(Newsroom America) -- Lawmakers in Texas are eyeing the adoption of an immigration reform law similar to one in Arizona, making the Lone Star state the latest to join about a dozen others also considering it.
Local media reported that the plan being considered by state lawmakers would allow, but not require, state and local police to help enforce federal immigration laws.
Officials said the compromise is meant to placate both Democrats and Republicans. Immigration rights advocates are opposed to the measure, saying it would lead to racial discrimination.
The Texas law mirrors parts of the law passed in Arizona that set off a federal lawsuit and was denounced by President Obama.
Rep. Debbie Riddle, a Houston Republican, is so eager to get the bill passed she camped out all night at the Texas State Capitol building in Austin so she could be the first to pre-file several immigration-reform bills, a local Fox affiliate reported.
"I filed the immigration bills because the people of Texas are no longer asking but are demanding," she told Fox. "And we have got to make some significant steps toward illegal immigration and in addition to that border security."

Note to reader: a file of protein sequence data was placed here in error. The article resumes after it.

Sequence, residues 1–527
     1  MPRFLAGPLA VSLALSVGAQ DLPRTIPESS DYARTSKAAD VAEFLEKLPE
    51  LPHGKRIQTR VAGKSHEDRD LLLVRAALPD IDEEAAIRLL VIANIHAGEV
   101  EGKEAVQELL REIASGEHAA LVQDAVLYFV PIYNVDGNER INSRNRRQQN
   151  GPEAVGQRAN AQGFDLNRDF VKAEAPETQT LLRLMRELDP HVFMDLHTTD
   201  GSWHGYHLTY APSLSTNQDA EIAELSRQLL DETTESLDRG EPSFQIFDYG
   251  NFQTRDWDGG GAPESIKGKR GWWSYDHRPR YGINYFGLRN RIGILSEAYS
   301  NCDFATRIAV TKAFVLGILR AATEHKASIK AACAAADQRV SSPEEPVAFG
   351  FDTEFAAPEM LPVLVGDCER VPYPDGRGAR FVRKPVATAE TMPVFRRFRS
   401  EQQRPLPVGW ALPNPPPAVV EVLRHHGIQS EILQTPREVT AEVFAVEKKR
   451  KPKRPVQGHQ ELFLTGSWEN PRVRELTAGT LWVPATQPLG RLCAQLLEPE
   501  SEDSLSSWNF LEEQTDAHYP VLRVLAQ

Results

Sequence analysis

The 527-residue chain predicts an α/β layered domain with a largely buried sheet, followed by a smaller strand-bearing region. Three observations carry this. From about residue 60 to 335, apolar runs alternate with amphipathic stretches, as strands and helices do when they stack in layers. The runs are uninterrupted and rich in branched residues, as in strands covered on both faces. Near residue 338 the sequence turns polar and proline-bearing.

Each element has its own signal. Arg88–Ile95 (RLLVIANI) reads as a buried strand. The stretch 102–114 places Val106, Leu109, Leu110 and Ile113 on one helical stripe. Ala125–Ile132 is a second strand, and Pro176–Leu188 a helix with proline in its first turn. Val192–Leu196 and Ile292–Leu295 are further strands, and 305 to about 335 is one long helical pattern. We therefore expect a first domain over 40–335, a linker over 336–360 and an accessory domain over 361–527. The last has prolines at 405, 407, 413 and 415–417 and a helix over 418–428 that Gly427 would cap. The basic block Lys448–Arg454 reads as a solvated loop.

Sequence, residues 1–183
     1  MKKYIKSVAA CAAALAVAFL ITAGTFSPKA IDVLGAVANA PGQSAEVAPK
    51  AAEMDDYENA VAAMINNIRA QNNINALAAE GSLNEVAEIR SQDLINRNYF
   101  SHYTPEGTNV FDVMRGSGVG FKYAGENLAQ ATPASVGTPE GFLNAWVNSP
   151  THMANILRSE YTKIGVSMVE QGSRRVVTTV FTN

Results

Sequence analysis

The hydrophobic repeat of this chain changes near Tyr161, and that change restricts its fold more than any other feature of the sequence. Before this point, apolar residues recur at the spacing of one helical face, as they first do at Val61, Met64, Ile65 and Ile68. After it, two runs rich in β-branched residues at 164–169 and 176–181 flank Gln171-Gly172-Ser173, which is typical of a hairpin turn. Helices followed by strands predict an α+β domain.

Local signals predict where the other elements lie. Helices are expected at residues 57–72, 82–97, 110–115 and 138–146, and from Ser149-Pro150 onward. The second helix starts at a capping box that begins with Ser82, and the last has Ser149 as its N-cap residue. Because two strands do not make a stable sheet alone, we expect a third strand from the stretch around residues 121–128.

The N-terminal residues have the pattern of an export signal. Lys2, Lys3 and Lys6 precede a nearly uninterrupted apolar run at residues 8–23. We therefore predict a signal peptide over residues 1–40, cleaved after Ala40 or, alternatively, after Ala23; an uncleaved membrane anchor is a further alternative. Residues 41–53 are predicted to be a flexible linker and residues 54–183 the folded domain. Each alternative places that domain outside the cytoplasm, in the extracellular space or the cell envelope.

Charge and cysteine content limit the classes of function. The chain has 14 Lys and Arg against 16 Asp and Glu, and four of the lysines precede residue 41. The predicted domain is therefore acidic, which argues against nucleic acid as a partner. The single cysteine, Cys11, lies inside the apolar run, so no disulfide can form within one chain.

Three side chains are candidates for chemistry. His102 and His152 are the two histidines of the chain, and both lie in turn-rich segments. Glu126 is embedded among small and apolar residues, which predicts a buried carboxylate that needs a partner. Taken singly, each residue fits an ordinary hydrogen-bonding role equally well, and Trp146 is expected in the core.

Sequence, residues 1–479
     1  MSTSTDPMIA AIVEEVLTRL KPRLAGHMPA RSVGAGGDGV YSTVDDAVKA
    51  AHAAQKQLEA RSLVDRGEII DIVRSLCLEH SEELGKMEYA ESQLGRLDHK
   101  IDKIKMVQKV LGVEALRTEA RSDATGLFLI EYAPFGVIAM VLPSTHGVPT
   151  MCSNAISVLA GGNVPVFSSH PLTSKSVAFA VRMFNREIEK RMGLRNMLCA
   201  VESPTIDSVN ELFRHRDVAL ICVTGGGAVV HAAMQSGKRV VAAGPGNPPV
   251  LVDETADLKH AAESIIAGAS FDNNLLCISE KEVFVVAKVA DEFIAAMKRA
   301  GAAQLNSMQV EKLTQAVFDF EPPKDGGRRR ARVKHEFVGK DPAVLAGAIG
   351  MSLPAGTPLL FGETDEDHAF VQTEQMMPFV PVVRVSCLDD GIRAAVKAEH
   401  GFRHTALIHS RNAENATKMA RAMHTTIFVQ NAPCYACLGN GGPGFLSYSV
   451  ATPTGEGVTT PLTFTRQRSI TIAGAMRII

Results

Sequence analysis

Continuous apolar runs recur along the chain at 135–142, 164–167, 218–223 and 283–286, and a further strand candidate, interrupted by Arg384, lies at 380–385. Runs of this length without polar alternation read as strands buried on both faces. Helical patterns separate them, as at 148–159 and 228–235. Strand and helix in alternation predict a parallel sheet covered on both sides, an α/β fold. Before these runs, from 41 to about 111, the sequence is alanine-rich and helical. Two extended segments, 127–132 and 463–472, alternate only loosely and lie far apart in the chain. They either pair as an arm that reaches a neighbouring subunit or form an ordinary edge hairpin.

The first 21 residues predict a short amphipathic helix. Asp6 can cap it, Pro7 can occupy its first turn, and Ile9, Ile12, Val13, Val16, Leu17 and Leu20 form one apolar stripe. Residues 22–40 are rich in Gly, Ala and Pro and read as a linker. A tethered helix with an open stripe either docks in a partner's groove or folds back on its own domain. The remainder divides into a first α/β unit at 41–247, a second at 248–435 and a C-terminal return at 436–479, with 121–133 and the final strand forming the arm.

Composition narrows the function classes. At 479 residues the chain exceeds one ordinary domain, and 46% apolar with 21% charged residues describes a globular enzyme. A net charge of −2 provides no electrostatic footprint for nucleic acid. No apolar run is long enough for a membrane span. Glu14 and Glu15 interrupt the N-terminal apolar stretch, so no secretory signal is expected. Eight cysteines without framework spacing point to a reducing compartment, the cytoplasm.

Among the bills she filed were measures aimed at eliminating so-called sanctuary cities in Texas, tighting voter ID laws, and creating a criminal trespassing charge for illegal aliens.
Critics of the measures believe that, if passed, they'll eventually end up in court like the Arizona law.
"I think it could very well be left up to a bunch of lawyers, but on top of that its a costly fight, its a fight that Arizona is paying quite a bit for," Matt Simpson, policy strategist for the ACLU, told the Fox affiliate.
Among the staunchest opponents of the various measures is the League of United Latin American Citizens. The group says the Arizona-style law would create anger and resentment in a number of Texas communities.
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